Windows 7: First Large Deployment and Trial Feedback

Rob Enderle

At the Windows 7 launch, I interviewed two companies in depth about their deployment plans. Given the ITIC survey results indicating that 30 percent of businesses would upgrade within six months of launch, and given that Vista will never get to 30 percent, I thought it would be interesting to see what was different.


One thing clearly different was that a reasonably large company had deployed the offering. This is the first time -- and I've covered every launch since Windows 95 -- that there has been a full deployment reference account available at launch. Trials aren't unusual, but Baker Tilly had rolled out 2,300 new Windows 7 desktops prior to the actual launch date. Typically the first real deployment comes months after a new operating system launches. David Hilland, deputy director of IT was my contact, and I've never seen any IT manager more excited about a new desktop OS.


I also met with Jonathan B. Wynn, manager of advanced technology and collaboration services, and David W. Glenn, director of enterprise operations for Del Monte Foods, who were undergoing a reasonably large and more common trial. Let's talk about what I found out.


Baker Tilly: Clean and Locked Down

Baker Tilly rolled out Windows 7 the way I would if I were going to go with a new OS early. Its managers put it on nearly everything and locked it down so users could not make changes. The first is so you can get everyone quickly on the same code base and focus on problems related to the new software rather than interoperability, and the second is so users don't install anything that hasn't been tested by IT yet.


Typically numbers surrounding savings are unreliable, but Baker Tilly is an accounting and business process company, so you should be able to trust its numbers. While it didn't do this to save money -- later I'll get to why it did this -- it is tracking nearly $200 in annual savings from each desktop, which translates to nearly a half-million dollars in bottom-line benefit (before tax impact). The company did run into a critical compatibility problem with an old Sun financial application that it's having trouble getting converted so about 2 percent of its systems remain on XP until that can be resolved by updating the product or hosting it.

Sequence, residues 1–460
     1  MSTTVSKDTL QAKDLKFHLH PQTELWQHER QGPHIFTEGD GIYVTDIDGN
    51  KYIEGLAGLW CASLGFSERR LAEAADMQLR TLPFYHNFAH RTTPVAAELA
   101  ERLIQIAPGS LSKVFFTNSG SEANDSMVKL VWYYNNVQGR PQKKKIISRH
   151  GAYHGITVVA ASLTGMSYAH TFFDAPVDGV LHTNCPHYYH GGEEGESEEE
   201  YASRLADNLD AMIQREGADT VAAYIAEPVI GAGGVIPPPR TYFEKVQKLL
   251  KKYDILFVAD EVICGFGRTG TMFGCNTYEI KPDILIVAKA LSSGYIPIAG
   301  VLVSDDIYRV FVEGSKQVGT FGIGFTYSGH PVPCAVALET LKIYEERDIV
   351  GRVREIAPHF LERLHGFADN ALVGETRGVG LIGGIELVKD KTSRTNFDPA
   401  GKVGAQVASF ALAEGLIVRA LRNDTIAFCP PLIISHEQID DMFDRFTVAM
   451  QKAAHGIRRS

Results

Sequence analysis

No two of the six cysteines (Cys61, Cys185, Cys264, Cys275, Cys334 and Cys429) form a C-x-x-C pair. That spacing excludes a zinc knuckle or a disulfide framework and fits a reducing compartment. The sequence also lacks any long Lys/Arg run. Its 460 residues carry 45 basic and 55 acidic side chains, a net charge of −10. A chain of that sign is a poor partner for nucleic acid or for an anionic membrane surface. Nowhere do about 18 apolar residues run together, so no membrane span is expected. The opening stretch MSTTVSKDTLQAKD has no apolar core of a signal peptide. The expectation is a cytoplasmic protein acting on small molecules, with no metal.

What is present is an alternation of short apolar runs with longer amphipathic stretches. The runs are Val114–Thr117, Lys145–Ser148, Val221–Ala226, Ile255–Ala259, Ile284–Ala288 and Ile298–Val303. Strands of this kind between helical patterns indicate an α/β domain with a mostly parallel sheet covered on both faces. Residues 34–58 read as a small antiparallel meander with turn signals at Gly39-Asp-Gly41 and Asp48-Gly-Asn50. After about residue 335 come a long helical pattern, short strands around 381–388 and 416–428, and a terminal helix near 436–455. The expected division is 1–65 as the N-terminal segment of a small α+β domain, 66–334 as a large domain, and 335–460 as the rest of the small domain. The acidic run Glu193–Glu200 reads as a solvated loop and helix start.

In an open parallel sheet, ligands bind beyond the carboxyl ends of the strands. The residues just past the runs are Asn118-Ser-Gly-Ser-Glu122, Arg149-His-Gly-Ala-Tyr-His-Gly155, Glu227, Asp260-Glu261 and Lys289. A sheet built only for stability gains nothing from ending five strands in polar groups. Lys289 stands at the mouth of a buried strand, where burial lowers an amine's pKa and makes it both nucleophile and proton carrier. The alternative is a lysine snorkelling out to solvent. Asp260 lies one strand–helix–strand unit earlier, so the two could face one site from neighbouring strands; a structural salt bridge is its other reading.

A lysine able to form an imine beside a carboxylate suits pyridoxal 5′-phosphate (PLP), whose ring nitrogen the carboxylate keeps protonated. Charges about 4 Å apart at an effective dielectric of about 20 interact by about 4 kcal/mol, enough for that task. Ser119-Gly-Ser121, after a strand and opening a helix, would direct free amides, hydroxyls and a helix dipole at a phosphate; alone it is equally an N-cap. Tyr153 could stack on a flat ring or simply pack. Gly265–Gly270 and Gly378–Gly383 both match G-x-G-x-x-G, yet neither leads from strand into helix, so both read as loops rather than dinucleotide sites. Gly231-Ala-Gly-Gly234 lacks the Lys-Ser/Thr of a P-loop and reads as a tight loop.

Dell did the installation and did discount significantly because that company was treating it as a training exercise to build its Windows 7 deployment competency. I can't tell you the number of times a big vendor has learned on the job and not offered a discount. According to Hilland, Microsoft did not co-fund this.


The nearly $200-per-machine savings came from energy conservation, a sharp reduction in support costs and reduced image-management costs. There were no staff reductions, but existing staff was freed up to do projects that had been languishing. It took four weeks to roll out all 2,300 Windows 7 systems. The only user complaints were connected to being unable to load their own applications. Otherwise, according to Hilland, the employees loved the new operating system.

Del Monte: 65-System Trial, Deployment Months Off

Del Monte was trialing Windows 7 on 65 systems and had run into a number of expected problems with a large percentage for its vendor-supplied and custom applications. In getting ready for the trial, the IT staff discovered that a lot of the company's production applications had been poorly written and they were able to go back to the vendors and request that problems be corrected. This will take some time, but should result in better applications along with the expected Windows 7 improvements.


Wynn and Glenn indicated that the trial was going exceptionally well and actually gushed about Windows 7. I have to say having IT folks gush about anything is kind of a new experience for me.